It wasn’t until I read The Apothecary’s Daughter by Julie Klassen, a book that had sat on my tiny bookshelf for years, that I found how satisfying Christian fiction could be.
If I recall correctly, I had just gotten married and my husband was watching some motorcycle building show. I had zero interest in it so I grabbed this book. I was so enthralled in the writing, the story telling, and the characters that I miss the show and my husband went to bed without me. Now, I wish I could say that started my reading journey, but I can’t. At least I don’t think I can. I don’t recall reading another Christian fiction book after that until I discovered Chautona Havig’s Ready or Not. After that, I was down a rabbit hole filled with Christian fiction and loving it.
You see, every story did more than just share a fictional character’s life but their faith. They didn’t just go to church, but they struggled with moments of walking in faith every day. It was a practice of the faith instead of checking off a time card. I witnessed them crying out to God for help, guidance, or what ever and it encouraged me. Especially when my life was filled with more Sesame Street and Nick Jr. than anything else. I would sit and read my books while the kids watched their program at night.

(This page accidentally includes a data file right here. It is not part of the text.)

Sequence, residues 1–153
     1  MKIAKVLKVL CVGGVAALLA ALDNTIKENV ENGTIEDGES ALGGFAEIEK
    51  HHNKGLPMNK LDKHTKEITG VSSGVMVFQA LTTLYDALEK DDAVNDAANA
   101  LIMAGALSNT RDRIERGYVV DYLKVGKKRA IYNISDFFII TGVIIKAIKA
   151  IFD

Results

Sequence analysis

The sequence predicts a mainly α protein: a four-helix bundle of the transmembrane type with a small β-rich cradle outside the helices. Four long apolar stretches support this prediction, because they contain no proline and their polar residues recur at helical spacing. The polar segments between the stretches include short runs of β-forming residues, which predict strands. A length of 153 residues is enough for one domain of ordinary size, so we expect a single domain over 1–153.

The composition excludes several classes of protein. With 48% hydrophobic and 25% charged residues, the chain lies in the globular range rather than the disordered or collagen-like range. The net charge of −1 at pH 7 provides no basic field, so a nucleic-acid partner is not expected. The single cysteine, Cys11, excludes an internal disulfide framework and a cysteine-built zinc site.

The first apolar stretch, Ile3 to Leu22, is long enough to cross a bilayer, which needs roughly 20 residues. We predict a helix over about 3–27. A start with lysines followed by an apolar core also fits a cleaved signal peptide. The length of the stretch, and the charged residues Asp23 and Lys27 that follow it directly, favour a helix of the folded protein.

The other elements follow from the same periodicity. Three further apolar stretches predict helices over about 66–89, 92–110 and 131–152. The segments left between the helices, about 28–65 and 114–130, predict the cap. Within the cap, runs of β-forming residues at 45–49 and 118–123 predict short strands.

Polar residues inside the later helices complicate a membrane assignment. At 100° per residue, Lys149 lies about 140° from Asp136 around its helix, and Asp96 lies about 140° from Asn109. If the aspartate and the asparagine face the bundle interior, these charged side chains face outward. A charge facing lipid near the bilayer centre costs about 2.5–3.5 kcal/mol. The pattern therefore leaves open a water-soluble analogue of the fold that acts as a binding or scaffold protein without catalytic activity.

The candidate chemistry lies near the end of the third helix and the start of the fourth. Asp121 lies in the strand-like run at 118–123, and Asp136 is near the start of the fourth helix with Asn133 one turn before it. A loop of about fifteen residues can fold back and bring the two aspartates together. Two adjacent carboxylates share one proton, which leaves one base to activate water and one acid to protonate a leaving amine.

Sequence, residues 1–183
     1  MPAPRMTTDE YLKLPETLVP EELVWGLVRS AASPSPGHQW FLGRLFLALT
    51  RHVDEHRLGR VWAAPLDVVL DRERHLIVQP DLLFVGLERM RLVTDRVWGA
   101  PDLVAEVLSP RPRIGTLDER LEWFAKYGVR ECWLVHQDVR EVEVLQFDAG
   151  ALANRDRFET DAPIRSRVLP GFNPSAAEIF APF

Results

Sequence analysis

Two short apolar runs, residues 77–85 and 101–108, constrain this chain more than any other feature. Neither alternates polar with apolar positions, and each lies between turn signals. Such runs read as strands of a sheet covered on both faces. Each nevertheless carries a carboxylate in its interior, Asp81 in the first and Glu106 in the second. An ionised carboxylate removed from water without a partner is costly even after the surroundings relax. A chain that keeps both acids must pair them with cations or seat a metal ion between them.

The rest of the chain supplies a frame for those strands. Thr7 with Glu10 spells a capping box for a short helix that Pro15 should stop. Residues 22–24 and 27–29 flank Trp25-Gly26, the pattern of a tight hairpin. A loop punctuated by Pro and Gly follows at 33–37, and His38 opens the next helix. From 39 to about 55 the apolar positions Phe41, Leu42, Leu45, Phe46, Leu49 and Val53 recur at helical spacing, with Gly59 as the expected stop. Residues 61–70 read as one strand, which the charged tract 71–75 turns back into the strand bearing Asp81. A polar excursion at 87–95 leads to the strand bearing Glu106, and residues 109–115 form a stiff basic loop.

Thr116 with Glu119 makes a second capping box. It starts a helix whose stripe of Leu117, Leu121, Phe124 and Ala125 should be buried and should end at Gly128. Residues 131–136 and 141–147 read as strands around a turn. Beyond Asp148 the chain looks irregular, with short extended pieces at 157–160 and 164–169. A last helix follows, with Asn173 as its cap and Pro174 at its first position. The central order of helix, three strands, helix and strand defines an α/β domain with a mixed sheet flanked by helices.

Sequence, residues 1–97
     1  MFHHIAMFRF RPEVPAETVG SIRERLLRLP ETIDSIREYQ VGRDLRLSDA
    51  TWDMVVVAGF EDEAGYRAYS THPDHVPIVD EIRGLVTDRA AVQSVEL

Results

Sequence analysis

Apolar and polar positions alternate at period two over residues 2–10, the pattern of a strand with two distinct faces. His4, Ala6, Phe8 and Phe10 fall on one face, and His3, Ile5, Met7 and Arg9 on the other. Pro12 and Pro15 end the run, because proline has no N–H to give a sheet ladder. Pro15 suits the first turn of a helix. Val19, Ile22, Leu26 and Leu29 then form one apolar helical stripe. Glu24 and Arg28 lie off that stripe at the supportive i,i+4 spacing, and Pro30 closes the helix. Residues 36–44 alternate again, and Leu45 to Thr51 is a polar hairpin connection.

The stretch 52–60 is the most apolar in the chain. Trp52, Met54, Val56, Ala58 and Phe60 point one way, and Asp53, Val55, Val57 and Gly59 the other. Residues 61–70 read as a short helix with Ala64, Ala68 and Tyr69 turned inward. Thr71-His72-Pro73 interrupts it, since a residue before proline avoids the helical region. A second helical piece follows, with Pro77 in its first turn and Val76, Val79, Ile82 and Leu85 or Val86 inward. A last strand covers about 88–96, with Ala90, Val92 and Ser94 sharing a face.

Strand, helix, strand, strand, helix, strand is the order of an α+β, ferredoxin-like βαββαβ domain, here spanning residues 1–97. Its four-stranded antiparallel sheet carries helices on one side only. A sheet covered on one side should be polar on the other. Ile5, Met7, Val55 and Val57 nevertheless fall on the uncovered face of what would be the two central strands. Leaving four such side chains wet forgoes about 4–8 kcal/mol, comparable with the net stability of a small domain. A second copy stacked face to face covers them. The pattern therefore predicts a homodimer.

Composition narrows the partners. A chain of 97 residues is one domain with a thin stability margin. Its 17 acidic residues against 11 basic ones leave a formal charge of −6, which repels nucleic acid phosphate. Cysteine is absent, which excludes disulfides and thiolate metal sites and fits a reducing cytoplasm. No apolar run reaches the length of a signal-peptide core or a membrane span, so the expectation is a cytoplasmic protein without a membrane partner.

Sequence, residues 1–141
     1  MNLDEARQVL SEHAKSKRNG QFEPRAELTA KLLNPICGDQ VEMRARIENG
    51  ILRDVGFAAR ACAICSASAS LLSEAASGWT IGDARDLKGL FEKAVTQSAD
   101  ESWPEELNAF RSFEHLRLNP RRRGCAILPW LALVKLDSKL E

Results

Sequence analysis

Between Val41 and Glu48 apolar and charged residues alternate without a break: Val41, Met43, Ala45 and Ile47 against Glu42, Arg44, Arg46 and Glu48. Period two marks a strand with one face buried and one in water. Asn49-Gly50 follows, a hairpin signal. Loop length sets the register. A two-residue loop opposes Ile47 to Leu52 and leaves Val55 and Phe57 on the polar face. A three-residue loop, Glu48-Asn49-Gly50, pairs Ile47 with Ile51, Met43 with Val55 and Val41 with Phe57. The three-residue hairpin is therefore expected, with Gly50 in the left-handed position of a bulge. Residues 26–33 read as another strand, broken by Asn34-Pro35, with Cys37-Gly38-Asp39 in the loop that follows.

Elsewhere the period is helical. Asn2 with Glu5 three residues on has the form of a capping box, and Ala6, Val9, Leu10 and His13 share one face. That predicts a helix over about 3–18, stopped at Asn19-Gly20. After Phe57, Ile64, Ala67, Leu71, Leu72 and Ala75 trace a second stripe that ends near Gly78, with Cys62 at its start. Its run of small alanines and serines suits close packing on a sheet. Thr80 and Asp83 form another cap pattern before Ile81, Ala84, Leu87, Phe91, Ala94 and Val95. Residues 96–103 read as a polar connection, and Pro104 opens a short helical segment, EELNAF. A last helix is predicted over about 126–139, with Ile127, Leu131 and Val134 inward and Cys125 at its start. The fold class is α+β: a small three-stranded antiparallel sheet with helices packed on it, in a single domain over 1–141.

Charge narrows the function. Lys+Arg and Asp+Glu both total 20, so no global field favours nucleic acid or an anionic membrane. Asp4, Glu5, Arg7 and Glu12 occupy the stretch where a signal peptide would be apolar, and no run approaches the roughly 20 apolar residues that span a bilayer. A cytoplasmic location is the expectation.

Sadly, I became board and turned to other books. Spicy books. That sent me down a spiral that was not healthy, especially when my husband was driving a semi truck from Long Beach, California to Bangor, Maine. When I became discontent with how life was, a friend pulled me aside in a random moment and asked, “What are you reading?” Now, she was asking about what I was reading in my Bible, but something hit me that I was not reading something God would appreciate. (I might add, if I was reading spicy books then I give you permission to assume I wasn’t reading my Bible.)
That said, I turned back to Christian fiction but found much of it lacking the same encouragement as it did before. Then I found Redeeming Love by Francine Rivers. The subject matter intrigued me and the way she wrote the in the Faith message touched my heart. Remember, I had not read my Bible at all for some time. So, even though I was not A completely lost child of God, I was definitely inching that way. I guess that’s why I am such a strong advocate for this book because the way she wrote it spoke to me and encouraged me to dig a little deeper into the Word and seek a relationship with the Father that was for me and not something my parents did.
I’m not saying Christian fiction should or could replace the Bible, but well written Christian fiction can encourage the reader to dig deeper in the Word for themselves. As Christian writers, our words should be pushing readers to seek a more fulfilling walk with Christ and not more of our books, though it is nice to see that readers enjoy them. As a writer, my motto has become “If it isn’t for the work of the Kingdom, it’s vanity.” As a reader, “I refuse to read anything that doesn’t edify the Body and glorify Christ.”
Mountain Brook Ink
Time is a funny thing.